How to Celebrate the Holidays When You’re Too Tired to Care

How do you celebrate the holidays when you’re too tired to care?

It’s a very real question for me this year. Although not a new one.

Yes, this year I am especially exhausted. In under four months, we sold our home, moved cross-country, adjusted to a new city (still are), and bought a new house. (Read the story here.)

And now the holidays are upon us!

Can you hear my feeble ‘hooray’?

Holidays and Complex Trauma

Fatigue at holidays or other celebratory events is nothing new for our family. The challenges of living with a person with complex trauma are overwhelming at the best of times. Add in holidays, birthdays, graduations, anniversaries…yup, that’s me in the photo above.

For many, survivors and non-survivors, the holidays are overwhelming. In addition to the often-unrealistic extra cultural expectations about the perfect holidays, there is the practical reality that holidays bring a lot of extras with them: extra activities, extra purchases, and extra functions with people you might not see any other time of the year.

But for survivors and their families, the extras can topple an already-precarious balance that can lead to a resurgence of trauma symptoms and stress all around. Slow, steady, and predictable are ideal when recovering from trauma. Holidays are often not conducive to this.

And what about kids? As a mom, I want my children to enjoy the holidays and special celebrations. If you are a parent, I am certain you do too.

How can you do it? How can you celebrate the holidays when you might be too tired to care?

1. Acknowledge your feelings. Are you depleted? Are you overwhelmed? Maybe you are okay this year. Whatever your feelings, don’t push them away. Just let them be.

2. Once you have acknowledged your feelings, think about what you need this holiday. Do you need to do something different? Do you need to not go to that event? What has worked in the past and what hasn’t?

3. What do you enjoy doing to prepare for the holidays? Try and delegate the rest. I like shopping. I hate decorating. Decorating is delegated to daughter #2.

4. Plan in advance and communicate plans ahead of time especially if children are involved. Last year, we decided to forego the turkey dinner on Christmas day. We let the kids know ahead of time allowing space and time to process disappointment and other strong emotions.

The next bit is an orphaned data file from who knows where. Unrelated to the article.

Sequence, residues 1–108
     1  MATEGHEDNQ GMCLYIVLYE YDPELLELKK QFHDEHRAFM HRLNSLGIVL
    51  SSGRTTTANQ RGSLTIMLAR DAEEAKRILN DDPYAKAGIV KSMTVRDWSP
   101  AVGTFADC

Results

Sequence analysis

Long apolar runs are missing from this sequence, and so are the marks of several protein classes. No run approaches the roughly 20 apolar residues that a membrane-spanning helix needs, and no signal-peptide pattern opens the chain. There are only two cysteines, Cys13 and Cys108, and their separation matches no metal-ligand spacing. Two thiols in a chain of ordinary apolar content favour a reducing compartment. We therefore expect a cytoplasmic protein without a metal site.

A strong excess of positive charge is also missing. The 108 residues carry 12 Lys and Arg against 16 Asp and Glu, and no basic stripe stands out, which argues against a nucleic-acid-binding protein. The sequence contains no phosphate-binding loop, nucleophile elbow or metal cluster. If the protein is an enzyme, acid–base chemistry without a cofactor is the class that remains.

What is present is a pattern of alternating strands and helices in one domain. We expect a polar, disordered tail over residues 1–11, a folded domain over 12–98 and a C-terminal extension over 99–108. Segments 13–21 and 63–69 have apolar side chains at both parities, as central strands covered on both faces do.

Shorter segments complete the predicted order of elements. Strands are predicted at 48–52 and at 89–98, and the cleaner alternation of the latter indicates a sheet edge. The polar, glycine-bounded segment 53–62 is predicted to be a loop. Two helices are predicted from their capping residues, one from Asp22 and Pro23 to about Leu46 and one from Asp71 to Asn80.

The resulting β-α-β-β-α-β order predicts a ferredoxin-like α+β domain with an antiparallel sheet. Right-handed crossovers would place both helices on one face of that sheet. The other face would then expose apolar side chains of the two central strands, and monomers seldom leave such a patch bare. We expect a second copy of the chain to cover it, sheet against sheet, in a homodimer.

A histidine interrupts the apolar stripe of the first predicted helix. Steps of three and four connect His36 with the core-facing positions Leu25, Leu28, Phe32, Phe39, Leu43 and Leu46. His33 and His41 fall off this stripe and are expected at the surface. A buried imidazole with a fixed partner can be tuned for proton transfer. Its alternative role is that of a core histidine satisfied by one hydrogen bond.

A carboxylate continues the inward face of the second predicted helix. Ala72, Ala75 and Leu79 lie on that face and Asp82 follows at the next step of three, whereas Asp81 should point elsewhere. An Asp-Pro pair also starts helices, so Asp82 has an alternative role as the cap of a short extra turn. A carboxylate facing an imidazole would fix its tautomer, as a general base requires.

5. Increase contact with others who understand and support your situation. Holidays are a time when we see people we don’t see the rest of the year. That’s okay, but these relationships are likely not the main supports in your life. It might be important to increase the frequency of contact with your year-round support people and groups during holiday seasons. It doesn’t have to be in person: texts, online messages, and phone calls work well too.

6. Communicate openly about the impact of holiday stress. Explain to children what is happening if a survivor’s symptoms increase. Children may require extra emotional support during this time.

7. Survivors: Ensure you have a plan and strategies in place when triggers arise. If you have a therapist or coach, discuss your concerns well ahead of time. There are a number of online blogs, videos, and articles addressing the holidays and survivors. I like this one:

Surviving the Holidays with C-PTSD and DID

8. Partners and others living with a survivor: You must also have strategies in place to regain balance when a survivor is struggling. Partners and other caregivers, don’t be shy about taking time ‘off’ to rest and refresh yourself. Keep communication open about your need for a few hours away while offering reassurance about your availability upon return.

In answer to my question: How do you celebrate the holidays when you’re too tired to care?

With some extra planning, extra communication, extra care, and extra support. You can celebrate the holidays and so can I.

Readers: How do you celebrate holidays and other extra events? What have you learned about celebrating events when a family member has complex trauma? What do you do that works?

I’d love to hear from you. Send me an email. Drop me a comment or let me know on social media.

Photo by Vladislav Muslakov on Unsplash